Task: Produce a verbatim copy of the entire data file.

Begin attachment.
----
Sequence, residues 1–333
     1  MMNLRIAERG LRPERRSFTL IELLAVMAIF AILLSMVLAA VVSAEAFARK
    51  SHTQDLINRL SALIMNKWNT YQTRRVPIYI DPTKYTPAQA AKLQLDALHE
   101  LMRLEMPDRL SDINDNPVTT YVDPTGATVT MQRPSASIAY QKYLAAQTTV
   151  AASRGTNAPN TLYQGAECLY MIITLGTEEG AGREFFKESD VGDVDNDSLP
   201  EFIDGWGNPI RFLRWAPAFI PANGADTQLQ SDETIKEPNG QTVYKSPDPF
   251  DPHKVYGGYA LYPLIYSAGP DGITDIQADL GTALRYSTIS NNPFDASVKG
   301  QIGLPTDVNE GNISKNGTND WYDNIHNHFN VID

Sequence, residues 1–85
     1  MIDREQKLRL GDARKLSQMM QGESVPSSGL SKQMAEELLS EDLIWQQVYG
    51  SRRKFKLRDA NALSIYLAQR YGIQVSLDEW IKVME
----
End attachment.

Sequence, residues 1–333
     1  MMNLRIAERG LRPERRSFTL IELLAVMAIF AILLSMVLAA VVSAEAFARK
    51  SHTQDLINRL SALIMNKWNT YQTRRVPIYI DPTKYTPAQA AKLQLDALHE
   101  LMRLEMPDRL SDINDNPVTT YVDPTGATVT MQRPSASIAY QKYLAAQTTV
   151  AASRGTNAPN TLYQGAECLY MIITLGTEEG AGREFFKESD VGDVDNDSLP
   201  EFIDGWGNPI RFLRWAPAFI PANGADTQLQ SDETIKEPNG QTVYKSPDPF
   251  DPHKVYGGYA LYPLIYSAGP DGITDIQADL GTALRYSTIS NNPFDASVKG
   301  QIGLPTDVNE GNISKNGTND WYDNIHNHFN VID

Sequence, residues 1–85
     1  MIDREQKLRL GDARKLSQMM QGESVPSSGL SKQMAEELLS EDLIWQQVYG
    51  SRRKFKLRDA NALSIYLAQR YGIQVSLDEW IKVME